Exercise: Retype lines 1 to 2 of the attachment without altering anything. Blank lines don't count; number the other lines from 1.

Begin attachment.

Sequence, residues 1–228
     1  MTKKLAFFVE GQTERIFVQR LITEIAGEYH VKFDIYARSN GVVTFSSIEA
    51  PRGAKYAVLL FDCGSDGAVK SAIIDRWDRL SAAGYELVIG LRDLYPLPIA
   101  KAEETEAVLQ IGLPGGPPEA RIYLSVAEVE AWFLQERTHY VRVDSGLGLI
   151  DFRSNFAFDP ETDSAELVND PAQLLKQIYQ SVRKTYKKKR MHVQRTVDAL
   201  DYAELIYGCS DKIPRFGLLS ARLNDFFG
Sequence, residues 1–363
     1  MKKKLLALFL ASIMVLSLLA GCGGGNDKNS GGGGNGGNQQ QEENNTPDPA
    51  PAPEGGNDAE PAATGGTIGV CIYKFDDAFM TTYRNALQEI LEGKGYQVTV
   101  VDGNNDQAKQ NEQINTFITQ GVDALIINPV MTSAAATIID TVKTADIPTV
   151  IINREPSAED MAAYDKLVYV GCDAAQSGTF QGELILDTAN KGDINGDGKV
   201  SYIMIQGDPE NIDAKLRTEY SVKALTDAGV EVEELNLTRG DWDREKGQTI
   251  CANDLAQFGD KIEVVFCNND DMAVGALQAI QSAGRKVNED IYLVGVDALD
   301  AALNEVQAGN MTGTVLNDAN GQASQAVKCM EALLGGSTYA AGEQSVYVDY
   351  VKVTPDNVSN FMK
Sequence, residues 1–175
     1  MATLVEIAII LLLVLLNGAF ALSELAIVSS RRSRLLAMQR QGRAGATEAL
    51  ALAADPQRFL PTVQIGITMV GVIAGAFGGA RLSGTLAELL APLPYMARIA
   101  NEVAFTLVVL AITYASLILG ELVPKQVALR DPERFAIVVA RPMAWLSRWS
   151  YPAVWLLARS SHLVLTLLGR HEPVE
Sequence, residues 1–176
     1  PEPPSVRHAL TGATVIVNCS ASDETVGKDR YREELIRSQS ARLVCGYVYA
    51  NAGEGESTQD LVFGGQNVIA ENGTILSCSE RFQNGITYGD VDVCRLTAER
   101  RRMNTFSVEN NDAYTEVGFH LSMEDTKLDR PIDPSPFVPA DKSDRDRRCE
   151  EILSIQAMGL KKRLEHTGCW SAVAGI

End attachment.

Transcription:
Sequence, residues 1–228
     1  MTKKLAFFVE GQTERIFVQR LITEIAGEYH VKFDIYARSN GVVTFSSIEA